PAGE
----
What these distinguished artists share is a mind that is open to re-evaluation, which allows them to critically assess their environments through their practices. To comprehend under ‘another light’ is to understand the complex issues artists face, under the umbrella issue of contemporary art production in China. Through the myriad of references, one gleans that these complexities are derived from the multilayered nature of Chinese culture – where deep-rooted values and traditions intertwine with rising social issues and newborn problems that the country is facing for the first time in its ancient history.
Chen Jie, b. 1980
Born in Chongqing, China, Chen Jie graduated from the Oil Painting department of Sichuan Academy of Fine Arts in 2004 and has exhibited widely across China. Chen Jie’s canvas is divided into countless little square blocks and then refilled with colour one by one. What may sound like a very tedious work, as the artist tenaciously following his own set of rules, results in a pellucid work of abstraction bearing hints of the waves of the sea and the endless expanse of the heavens; repetition, for the artist, is the first and foremost measure of the body in its journey to the other world.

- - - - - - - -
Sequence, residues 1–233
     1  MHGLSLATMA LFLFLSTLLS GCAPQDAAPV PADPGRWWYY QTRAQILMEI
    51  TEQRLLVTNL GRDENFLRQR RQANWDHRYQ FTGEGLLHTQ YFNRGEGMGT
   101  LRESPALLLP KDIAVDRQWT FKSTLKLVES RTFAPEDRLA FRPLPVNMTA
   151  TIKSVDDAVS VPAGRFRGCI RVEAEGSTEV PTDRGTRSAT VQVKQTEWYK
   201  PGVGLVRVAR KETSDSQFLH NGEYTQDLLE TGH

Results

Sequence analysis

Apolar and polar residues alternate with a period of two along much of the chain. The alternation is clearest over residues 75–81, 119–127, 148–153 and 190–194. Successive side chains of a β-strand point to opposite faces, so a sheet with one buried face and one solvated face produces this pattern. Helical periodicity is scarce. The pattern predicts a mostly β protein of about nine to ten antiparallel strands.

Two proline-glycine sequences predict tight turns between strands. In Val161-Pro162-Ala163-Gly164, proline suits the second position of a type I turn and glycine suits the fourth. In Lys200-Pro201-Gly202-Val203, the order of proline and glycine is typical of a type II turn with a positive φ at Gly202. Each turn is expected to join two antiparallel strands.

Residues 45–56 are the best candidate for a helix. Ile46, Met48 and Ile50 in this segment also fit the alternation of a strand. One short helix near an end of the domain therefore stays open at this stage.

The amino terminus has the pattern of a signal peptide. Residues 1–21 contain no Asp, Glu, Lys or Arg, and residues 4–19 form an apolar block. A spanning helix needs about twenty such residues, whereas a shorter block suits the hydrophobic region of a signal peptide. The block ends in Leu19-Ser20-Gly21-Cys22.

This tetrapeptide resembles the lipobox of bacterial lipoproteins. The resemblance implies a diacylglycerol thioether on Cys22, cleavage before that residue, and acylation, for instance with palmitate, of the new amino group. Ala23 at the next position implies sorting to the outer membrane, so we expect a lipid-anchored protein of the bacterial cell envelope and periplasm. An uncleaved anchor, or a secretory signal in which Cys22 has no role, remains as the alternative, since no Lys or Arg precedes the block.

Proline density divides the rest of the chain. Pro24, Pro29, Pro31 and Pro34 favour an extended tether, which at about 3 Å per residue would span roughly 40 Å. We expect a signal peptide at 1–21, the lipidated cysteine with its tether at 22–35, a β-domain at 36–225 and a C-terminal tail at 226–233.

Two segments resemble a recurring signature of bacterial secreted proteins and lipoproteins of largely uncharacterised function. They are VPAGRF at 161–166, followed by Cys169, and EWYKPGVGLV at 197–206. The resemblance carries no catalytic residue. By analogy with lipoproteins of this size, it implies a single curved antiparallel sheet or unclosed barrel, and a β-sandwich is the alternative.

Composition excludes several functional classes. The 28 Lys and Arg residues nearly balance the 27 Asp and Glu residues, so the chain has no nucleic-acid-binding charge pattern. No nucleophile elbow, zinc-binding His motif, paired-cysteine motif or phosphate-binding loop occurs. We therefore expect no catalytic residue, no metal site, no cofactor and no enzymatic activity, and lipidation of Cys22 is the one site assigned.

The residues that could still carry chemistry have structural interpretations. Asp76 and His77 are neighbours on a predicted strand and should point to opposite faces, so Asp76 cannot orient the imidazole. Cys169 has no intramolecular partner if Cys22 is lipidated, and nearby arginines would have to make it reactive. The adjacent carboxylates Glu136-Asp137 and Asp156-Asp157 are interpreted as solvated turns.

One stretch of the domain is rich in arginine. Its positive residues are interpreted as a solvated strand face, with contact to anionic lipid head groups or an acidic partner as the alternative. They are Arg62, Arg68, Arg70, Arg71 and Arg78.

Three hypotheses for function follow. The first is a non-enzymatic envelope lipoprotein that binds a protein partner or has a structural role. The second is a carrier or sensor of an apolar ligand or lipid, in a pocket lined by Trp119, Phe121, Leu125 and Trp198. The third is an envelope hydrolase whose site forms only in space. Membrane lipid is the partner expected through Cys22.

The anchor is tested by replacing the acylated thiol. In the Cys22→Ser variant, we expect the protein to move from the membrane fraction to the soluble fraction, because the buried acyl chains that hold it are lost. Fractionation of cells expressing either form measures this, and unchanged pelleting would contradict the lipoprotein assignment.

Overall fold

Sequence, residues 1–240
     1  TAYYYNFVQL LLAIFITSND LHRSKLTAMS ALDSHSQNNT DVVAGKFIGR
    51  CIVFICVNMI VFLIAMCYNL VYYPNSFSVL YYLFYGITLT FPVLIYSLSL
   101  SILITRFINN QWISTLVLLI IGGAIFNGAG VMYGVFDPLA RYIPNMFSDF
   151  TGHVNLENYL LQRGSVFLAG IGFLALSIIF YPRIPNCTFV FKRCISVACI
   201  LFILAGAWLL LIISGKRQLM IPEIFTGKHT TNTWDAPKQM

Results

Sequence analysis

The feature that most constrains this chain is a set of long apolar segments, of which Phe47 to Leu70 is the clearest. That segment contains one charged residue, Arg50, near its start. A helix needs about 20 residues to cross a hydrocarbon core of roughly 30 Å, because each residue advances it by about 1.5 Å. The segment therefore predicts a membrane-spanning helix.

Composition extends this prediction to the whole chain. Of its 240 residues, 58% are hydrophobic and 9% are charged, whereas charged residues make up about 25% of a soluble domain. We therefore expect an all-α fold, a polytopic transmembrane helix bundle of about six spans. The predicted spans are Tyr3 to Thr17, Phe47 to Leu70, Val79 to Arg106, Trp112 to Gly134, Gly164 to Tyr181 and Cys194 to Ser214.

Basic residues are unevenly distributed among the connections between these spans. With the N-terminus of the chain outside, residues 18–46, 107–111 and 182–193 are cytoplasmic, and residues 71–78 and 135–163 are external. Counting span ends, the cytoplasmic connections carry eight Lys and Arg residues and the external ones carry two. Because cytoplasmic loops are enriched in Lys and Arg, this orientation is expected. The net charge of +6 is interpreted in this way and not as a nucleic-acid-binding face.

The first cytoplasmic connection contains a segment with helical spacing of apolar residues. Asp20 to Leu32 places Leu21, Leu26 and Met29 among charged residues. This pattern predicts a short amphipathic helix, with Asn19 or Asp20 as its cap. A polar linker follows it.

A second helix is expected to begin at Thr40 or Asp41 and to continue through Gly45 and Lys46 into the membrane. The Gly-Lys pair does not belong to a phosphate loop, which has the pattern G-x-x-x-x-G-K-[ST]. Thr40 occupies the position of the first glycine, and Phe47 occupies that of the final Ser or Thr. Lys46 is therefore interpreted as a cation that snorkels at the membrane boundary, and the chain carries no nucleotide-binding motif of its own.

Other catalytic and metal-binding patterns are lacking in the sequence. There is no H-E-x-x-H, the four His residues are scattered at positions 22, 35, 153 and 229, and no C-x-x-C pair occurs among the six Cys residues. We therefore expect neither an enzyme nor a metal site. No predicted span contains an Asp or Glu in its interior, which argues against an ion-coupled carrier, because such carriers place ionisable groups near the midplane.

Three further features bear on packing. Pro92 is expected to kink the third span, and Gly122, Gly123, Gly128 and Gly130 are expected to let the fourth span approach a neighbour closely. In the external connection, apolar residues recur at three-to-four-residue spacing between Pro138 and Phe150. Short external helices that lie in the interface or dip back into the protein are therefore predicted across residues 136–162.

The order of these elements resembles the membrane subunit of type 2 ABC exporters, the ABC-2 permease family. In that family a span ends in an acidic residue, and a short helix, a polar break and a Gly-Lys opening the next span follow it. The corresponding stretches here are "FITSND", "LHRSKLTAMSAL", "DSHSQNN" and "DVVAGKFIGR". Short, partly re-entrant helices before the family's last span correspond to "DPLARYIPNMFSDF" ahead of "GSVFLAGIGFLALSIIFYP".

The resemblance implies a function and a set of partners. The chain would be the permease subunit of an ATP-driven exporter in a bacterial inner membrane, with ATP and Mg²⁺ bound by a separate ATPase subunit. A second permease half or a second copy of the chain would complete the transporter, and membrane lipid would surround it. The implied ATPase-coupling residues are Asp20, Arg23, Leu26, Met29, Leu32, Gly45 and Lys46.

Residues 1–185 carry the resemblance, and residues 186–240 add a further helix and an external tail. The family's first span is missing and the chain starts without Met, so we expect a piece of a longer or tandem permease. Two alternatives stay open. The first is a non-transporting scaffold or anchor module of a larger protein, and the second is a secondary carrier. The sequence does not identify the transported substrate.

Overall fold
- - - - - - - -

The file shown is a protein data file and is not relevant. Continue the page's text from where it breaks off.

Chen Zhou, b. 1987
Chen Zhou graduated from Media Art Lab Department in China Central Academy of Fine Arts in 2009. Chen has exhibited widely both in China and around the world, in Madrid, New York, Beijing, Houston, and Prato. He lives and works in Beijing. In ‘Man Reading a Newspaper’, Chen Zhou describes a particular kind of social control. Under the surface of the subject’s mundane and repetitive daily routine, such as eating breakfast or reading the newspaper, his actions are in fact controlled by invisible social forces, much like strings attached to the limbs of a puppet, creating a conflict as personal desires are confronted with social norms.
Jiang Pengyi, b. 1977